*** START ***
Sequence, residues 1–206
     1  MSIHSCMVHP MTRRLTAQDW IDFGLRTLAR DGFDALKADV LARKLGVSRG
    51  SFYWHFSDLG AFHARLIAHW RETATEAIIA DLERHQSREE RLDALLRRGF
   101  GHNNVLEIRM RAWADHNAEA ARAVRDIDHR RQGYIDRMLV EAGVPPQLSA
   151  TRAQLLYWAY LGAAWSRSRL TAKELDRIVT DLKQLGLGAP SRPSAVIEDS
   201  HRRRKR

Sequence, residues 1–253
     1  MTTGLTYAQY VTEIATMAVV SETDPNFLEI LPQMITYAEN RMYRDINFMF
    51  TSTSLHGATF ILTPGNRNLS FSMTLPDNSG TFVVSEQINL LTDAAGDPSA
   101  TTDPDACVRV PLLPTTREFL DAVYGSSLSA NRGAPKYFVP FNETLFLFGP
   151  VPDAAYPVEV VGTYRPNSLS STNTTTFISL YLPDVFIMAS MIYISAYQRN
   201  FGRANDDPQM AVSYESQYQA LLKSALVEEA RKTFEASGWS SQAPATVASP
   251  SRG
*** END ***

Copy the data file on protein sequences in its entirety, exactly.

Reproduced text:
Sequence, residues 1–206
     1  MSIHSCMVHP MTRRLTAQDW IDFGLRTLAR DGFDALKADV LARKLGVSRG
    51  SFYWHFSDLG AFHARLIAHW RETATEAIIA DLERHQSREE RLDALLRRGF
   101  GHNNVLEIRM RAWADHNAEA ARAVRDIDHR RQGYIDRMLV EAGVPPQLSA
   151  TRAQLLYWAY LGAAWSRSRL TAKELDRIVT DLKQLGLGAP SRPSAVIEDS
   201  HRRRKR

Sequence, residues 1–253
     1  MTTGLTYAQY VTEIATMAVV SETDPNFLEI LPQMITYAEN RMYRDINFMF
    51  TSTSLHGATF ILTPGNRNLS FSMTLPDNSG TFVVSEQINL LTDAAGDPSA
   101  TTDPDACVRV PLLPTTREFL DAVYGSSLSA NRGAPKYFVP FNETLFLFGP
   151  VPDAAYPVEV VGTYRPNSLS STNTTTFISL YLPDVFIMAS MIYISAYQRN
   201  FGRANDDPQM AVSYESQYQA LLKSALVEEA RKTFEASGWS SQAPATVASP
   251  SRG